& Eccl. ix. 10.
e 1 Cor. vii. 29–31.
f Phil. iv. 5.
approach to our latter end, the more " abundant let us be in supplication and thanksgivings.”] APPLICATION—
[To the elder part of this assembly one would think it should be needless to add any thing on this subject: for they who have already lived out half their days, must feel (one would imagine) that their " time is short." But, alas ! even the aged need to be reminded of this obvious truth, and to be stirred up to improve their few remaining hours. Yes, even they often become more worldly with their advancing years, and manifest as great a backwardness to spiritual duties as they did in the earlier part of their existence. If one of this character be present, may God impress upon his mind a sense of his guilt and folly, and awaken him from his slumbers, ere it be too late !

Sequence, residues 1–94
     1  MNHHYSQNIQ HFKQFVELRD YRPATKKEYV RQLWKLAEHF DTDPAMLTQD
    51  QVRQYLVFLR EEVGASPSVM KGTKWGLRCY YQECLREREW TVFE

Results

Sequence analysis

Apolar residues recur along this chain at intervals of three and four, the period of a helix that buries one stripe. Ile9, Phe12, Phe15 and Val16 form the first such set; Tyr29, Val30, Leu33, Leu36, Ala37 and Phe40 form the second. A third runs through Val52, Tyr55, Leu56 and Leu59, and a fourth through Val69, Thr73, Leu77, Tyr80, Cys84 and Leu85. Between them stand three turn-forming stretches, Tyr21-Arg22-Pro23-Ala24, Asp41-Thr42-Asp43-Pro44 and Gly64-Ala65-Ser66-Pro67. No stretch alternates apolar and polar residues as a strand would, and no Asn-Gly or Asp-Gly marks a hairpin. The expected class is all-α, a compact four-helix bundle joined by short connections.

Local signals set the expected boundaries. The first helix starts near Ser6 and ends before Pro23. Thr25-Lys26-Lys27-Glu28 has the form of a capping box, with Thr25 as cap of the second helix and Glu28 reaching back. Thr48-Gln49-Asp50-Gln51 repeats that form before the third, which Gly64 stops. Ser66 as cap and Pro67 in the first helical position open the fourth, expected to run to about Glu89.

To the younger part, who dream of months and years to come, it is more obviously necessary to repeat the warning in the text. You are apt to think and say, “ It is time enough yet for me to seek after God.” But “ have you made a covenant with death?" have you been assured that neither disease nor accident shall cut you off in the bloom of life? Look around you, and see how many of your own age are gone within your reinembrancek. And what if death had seized on you, instead of them ; where had you been at this moment? I entreat you, if you have any regard for your own souls, consider this. Put the question to your conscience, and answer it faithfully in the sight of God: and then look at the direction given you by God himself: “ Be sober," and moderate in your attachment to the things of time; and “watch unto prayer," that you “may obtain the salvation that is in Christ Jesus, with eternal glory.”
k Here any recent deaths may be adverted to, and the circumstances of them, if peculiar, be specified.
thet for me death ill cut How